Essay on Developmental and Social psychologyï » ¿ Patch 1 Essay on Developmental and Social psychologyï » ¿ , p. 202). In effect, this theory demonstrates that children’s personalities develop from challenges which are not immediately understood. Hence, Piaget believed that imbalances exist between children’s modes of thinking and environment events which â€Å"prompt them to make mental adjustments that enable them to cope with puzzling new experiences and thereby restore cognitive equilibrium† (Kipp and Shaffer, 2012, p. 202). Cognitive theorists thereby argue that children simply adapt to the environment through their own cognitive abilities which ultimately shapes their personality. Conclusion Overall, there are clearly different views as to how an individual’s personality is shaped and although many argue that it is inherited, others disagree and believe that it is acquired from societal influences. Arguably, after reviewing both the cognitive development theory and the psychoanalytic theory it seems as though personality is in fact a mix of both nature and nurture. This is because, although children do have some traits that are inherited and exist within the unconscious mind, an individual’s thought process does actually develop from adaption. Accordingly, children are thus prompted to make mental adjustments that enable them to cope with puzzling experiences which widely influences their own personality. Patch 2 Social Psychology Introduction Social influence happens when an individual’s behaviour is affected by external factors such as conformity, compliance and obedience, bystander intervention, social loathing and social facilitating. Morton Deutsch and Harold Gerald (1955, p. 629) thus made it clear that social influence is the result of two psychological needs; informational social influence and normative social influence which are the need to be right and the need to be liked. Arguably, social influence thereby refers to the effect in which individuals have upon one another and can happen intentionally or unintentionally as a result of the way in which the person who has been influenced perceives themselves (Changing Minds, 2002, p. 1). Concepts of Social Influence Conformity, compliance and obedience are the three main areas of social influence and often occur simultaneously. This is because, â€Å"those that conform tend to be obedient and compliant† (Constable et al, 2002, p. 1).   Nevertheless, whilst conformity refers to the changes an individual makes so that they can be more like others, compliance relates to the changes an individual makes as a result of being asked. Furthermore, obedience refers to the process of obeying an order that has been made and often means that the individual has no choice but to make the changes unlike the former two social influences where the individual does have a choice. Coercion is the strongest form of social influences, nonetheless, since this forces and individual to change their behaviour even though they are reluctant to do so. Coercion is thereby the least common form of social influence since real feelings may not actually be changed. Hence, where social influence occurs voluntarily, it is evident that the individual will have made the changes themselves and therefore changes the way they feel about a particular situation. This was recognised by Rashotte who pointed out that; â€Å"social influence is the process by which individuals make real changes to their feelings and behaviours as a result of interaction with others who are perceived to be similar, desirable or expert.† In effect, Rashotte (1999, p. 4426) does not believe that social influences also consists of compliance and obedience because of the fact that individuals do not have a choice but to make the changes required from them. Because of this, it is unlikely that the feelings of an individual will actually be changed if they have been forced to make the transformation. It is questionable whether these views are accurate, nonetheless, since it has been put by Perloff (2012, p. 18); â€Å"social influence – coercion and persuasion – exerts powerful, not always positive, effects on human behaviour.† Therefore, even if the social influence has resulted involuntary, this does not indicate that social influence has not taken place. Instead, a more powerful form of change has been exerted which has had a significant impact upon human behaviour. Social facilitating is the process whereby individuals improve their behaviours when other people are watching. Therefore, whenever a person is undertaking a task, it is likely that they will do better at that task if other people are watching as they will alter their behaviour so that they can impress the onlookers. This is a mild but common form of social influence and illustrates that people can be affected by the mere presence of others. This can, however, be real, imagined or implied and was first recognised by Norman Triplett in 1898 when he conducted a study on the speed record of cyclists. It was concluded by Triplett that the speed of cyclists was faster when racing against each other than it was when racing against time alone (McLeod, 2011, p. 1). Social facilitating does depend on the individual concerned, nonetheless, because the behaviour will not always be improved and in some cases, the quality of the individuals performance may be impaired (Aiello, 2001, p.   163). Social loafing is similar to social facilitation, yet whilst social facilitation tends to improve an individual’s performance, social loafing tends to slow someone down and prevents them from working as hard. Nevertheless, social loafing does not occur when being watched by others but when working in a group with others since it is felt that many individuals work harder when they are alone than when they are in a group. This is also known as the free-rider theory which means that â€Å"self interested individuals lack incentives to contribute voluntarily to the provision of public goods, or to reveal their true valuations of such goods† (Asch and Gigliotti, 1991, p. 33). An example of social loathing was provided in a study conducted on individuals involved in a tug-of-war game. Here, it was found that â€Å"people playing tug-of-war while blindfolded pulled harder if they thought they were competing alone. When they thought others were on their team, they made less of an effort† (Coon and Mitterer, 2008, p. 541). Perspectives and Methods of Research It is evident that social influence arises because of a number of different influential factors and the only way this can be identified is by undertaking a number of different activities involving humans. This enables a determination to be made as to whether the true feelings of the individuals involved have been influenced. Nevertheless, because of the complex nature scientific studies have, it is questionable whether the thoughts, feelings and behaviours of human beings can be accurately measured through empirical methods of investigation. This is because, it has been argued by Thomas Kuhn (1970, p. 4) that empirical methods of investigation are â€Å"influenced by prior beliefs and experiences.† Essentially, it could therefore be said that the studies conducted would have produced different results if they were undertaken by a different scientist. Conclusion Overall, there are a number of different concepts of social influence which appear to have been proven by empirical methods of investigation. These include conformity, compliance and obedience, bystander intervention, social loathing and social facilitating and can occur voluntary or involuntary. Social influence thus arises as a result of two human needs which are the need to be right and the need to be liked and happen depending upon the ways in which the individual perceives themselves. In proving these different concepts, a number of scientific studies have been carried out which all aim to demonstrate how social influence affects the changes of human behaviour. Nevertheless, although these methods have proven workable in explaining human behaviour, the accuracy of these methods has been questioned. This is because; it is believed that different outcomes would be produced if a different person conducted the studies since past experiences and current knowledge are said to widely i nfluence the tests that are being performed. Despite this, it is evident that changes to human behaviour frequently arise which is largely the result of the changes that are being made within society whether they are intentional or unintentional. References Aiello, J. R. (2001). Social Facilitation from Triplett to Electronic. Group Dynamics, Theory, Research and Practice. 5(3). Asch, P. and Gigliotti, G. A. (1991). The Free-Rider Paradox: Theory, Evidence and Teaching. The Journal of Economic Education, 22(1). Bjorklund, D. F. (2011). Children’s Thinking. Wadsworth Publishing Co Inc. 5th Edition. Bouchard, T. J. Lykken, D. T. McGue, M. Segal, N. L. and Tellegen, A. (1990). Sources of Human Psychological Differences: The Minnesota Study of Twins Reared Apart. Science New Series, 250(4978). Changing Minds. (2002). Social Influence. Retrieved 27 December, 2012, from http://changingminds.org/explanations/theories/social_influence.htm Constable, S. Schuler, Z. Klaber, L. and Rakauskas, M. (1999). Conformity, Compliance and Obedience. Retrieved 27 December, 2012, from units.muohio.edu/psybersite/cults/cco.shtml Coon, D. and Mitterer, J. O. (2008). Introduction to Psychology: Gateways to Mind and Behaviour with Concept Maps and Reviews, Cengage Learning. Crews, F. (1996). The Verdict on Freud. Psychological Science, 7(63). Deutsche, M. and Gerard, H. B. (1955). A Study of Normative and Informational Social Influences upon Individual Judgement. Journal of Abnormal and Social Psychology. 51(629). Honderich, T. (1995). The Oxford Companion to Philosophy. Oxford University Press. Kipp, K. and Shaffer, D. (2012). Developmental Psychology: Childhood and Adolescence. Wadsworth Publishing Co. 9th Edition. Kuhn, T. (1970). The Structure of Scientific Revolutions. Chicago University Press. 2nd Edition. Lam, V. O’Donnell, V. L. Gillibrand, R. (2011). Development Psychology. Prentice Hall. 1st Edition. Loehlin, J. C. (1982). John Locke and Behaviour Genetics. Behaviour Genetics, 13(1). McLeod, S. (2007). Nature Nurture in Psychology. Retrieved 27 December, 2012, from simplypsychology.org/naturevsnurture.html McLeod, S. (2011). Social Facilitation. Retrieved 27 December, 2012, from simplypsychology.org/Social-Facilitation.html Perloff, R. M. (2012). The Dynamics of Persuasion: Communication and Attitudes in the Twenty-First Century. Taylor Francis. 4th Edition. Rashotte, L. (1999). Social Influence. Retrieved 27 December, 2012, from www.sociologyencyclopedia.com/fragr_image/media/social Shaffer, D. R. (2009). Social and Personality Development. Cengage Learning, 6th Edition. Stocks, J. L. (1915). Plato and the Tripartite Soul. Mind: A Quarterly Review of Psychology and Philosophy, 24(94). Shuttleworth, M. (2010). Aristotle’s Psychology. Retrieved 26 December, 2012, from http://explorable.com/aristotles-psychology.html Tomasic, T. (2006). Personality: Nature vs. Nurture or Something in Between? Retrieved 27 December, 2012, from http://serendip.brynmawr.edu/bb/neuro/neuro06/web1/ttomasic.html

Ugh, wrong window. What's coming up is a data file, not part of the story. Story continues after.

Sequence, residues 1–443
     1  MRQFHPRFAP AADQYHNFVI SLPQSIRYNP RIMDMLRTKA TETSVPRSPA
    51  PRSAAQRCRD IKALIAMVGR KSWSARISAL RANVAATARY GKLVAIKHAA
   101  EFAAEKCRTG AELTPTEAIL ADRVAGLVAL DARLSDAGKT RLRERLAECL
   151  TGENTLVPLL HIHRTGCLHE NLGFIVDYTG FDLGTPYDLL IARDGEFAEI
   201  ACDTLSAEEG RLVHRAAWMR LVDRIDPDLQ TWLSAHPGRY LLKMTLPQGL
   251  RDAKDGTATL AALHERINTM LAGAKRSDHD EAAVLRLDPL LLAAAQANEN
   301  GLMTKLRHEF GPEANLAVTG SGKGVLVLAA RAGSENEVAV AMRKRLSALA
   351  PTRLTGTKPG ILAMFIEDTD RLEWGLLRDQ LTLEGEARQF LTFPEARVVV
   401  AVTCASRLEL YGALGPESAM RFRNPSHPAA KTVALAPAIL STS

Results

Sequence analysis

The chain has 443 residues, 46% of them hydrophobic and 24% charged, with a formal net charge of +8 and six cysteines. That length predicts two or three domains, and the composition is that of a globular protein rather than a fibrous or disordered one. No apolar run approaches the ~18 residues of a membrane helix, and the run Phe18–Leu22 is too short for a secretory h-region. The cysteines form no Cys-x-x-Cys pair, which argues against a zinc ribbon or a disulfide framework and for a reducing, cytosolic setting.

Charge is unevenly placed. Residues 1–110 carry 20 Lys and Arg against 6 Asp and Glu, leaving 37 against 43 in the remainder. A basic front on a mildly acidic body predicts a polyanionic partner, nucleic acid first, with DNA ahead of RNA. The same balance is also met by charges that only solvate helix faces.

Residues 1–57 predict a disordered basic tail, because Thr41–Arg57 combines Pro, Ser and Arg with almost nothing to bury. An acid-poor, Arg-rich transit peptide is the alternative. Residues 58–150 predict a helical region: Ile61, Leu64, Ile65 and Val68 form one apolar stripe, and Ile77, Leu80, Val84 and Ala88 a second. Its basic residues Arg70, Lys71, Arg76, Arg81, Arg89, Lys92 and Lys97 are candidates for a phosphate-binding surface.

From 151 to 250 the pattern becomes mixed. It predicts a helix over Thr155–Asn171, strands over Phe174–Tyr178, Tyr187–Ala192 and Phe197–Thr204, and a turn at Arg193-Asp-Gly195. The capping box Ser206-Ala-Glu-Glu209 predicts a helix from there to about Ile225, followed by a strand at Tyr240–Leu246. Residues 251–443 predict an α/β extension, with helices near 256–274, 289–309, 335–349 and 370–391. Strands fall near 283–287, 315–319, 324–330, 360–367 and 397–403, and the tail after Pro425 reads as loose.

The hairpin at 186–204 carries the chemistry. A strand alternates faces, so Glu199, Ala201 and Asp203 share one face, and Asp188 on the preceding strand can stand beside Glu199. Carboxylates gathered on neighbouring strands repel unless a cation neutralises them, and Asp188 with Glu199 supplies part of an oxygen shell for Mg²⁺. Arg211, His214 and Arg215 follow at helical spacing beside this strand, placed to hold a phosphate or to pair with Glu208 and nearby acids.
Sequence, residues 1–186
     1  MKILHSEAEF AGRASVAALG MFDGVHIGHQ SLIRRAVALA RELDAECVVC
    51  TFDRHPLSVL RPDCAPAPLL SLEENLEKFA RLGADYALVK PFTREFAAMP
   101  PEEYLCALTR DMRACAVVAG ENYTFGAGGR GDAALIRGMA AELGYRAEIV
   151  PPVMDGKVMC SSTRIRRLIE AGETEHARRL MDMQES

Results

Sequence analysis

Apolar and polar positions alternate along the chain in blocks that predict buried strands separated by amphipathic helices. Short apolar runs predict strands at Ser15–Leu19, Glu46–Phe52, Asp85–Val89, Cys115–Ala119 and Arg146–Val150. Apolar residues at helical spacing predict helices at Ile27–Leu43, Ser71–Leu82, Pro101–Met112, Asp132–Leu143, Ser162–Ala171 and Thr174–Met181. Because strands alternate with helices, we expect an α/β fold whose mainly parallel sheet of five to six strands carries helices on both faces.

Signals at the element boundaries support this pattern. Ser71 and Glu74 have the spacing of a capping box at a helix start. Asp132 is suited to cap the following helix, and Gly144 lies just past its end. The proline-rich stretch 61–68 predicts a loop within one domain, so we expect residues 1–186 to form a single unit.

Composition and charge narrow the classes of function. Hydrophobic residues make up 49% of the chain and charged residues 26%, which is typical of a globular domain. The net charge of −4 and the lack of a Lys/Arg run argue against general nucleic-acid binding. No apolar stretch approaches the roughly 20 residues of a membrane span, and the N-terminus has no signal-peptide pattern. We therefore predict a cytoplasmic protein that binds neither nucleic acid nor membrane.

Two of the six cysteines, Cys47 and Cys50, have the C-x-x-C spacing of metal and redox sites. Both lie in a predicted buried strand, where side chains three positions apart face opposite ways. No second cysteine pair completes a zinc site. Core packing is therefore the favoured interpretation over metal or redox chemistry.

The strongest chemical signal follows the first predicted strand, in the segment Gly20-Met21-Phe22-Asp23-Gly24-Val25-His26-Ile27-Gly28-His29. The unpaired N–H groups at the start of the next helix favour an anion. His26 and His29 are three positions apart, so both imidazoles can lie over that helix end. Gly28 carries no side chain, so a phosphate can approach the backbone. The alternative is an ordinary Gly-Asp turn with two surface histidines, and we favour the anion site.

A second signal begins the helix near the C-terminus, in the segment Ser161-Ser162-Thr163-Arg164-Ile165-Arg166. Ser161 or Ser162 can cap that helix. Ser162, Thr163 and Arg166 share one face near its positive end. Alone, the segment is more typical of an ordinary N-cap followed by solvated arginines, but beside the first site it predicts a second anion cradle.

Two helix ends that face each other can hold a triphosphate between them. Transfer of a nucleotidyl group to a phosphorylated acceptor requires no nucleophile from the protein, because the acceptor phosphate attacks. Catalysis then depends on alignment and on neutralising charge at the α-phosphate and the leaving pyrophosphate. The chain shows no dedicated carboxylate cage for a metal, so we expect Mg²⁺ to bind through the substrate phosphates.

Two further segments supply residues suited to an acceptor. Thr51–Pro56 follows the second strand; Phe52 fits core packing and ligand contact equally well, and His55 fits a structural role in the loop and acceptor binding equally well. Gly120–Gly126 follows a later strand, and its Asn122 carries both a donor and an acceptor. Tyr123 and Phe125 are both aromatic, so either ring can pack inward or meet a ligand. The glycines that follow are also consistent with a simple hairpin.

Thursday, February 27, 2020